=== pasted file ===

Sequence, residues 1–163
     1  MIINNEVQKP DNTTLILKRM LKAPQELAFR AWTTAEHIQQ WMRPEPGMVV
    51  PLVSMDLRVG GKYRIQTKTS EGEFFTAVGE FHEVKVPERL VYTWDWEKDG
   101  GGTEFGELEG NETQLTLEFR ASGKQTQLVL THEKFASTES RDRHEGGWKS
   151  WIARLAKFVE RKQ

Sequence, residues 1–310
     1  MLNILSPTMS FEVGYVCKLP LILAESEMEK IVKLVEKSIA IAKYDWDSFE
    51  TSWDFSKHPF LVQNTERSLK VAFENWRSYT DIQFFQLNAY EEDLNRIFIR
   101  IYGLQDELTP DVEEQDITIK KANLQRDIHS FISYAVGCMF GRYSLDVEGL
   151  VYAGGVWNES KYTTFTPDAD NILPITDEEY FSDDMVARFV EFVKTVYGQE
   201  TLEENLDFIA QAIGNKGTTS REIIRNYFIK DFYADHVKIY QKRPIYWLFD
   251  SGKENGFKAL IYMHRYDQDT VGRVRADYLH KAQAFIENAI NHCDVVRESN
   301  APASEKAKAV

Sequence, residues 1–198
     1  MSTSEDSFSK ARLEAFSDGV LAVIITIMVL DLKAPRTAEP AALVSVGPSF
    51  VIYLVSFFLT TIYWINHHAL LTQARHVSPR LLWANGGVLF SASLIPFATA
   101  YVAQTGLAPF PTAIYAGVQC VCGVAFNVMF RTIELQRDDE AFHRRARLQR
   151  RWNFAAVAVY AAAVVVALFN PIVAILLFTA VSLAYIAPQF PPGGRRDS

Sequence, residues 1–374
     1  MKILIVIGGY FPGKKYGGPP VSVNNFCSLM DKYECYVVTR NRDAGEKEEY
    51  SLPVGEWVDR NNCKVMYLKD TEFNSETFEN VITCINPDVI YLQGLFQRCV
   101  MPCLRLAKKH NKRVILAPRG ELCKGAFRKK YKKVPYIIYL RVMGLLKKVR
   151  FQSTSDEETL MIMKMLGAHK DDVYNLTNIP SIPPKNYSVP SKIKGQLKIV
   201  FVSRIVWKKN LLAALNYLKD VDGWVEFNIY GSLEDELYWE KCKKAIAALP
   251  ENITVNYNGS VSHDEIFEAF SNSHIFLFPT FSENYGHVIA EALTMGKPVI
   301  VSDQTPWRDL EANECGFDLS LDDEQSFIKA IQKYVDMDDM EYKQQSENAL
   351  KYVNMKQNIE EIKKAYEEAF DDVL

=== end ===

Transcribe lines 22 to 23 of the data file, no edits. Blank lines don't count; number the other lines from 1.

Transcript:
   101  MPCLRLAKKH NKRVILAPRG ELCKGAFRKK YKKVPYIIYL RVMGLLKKVR
   151  FQSTSDEETL MIMKMLGAHK DDVYNLTNIP SIPPKNYSVP SKIKGQLKIV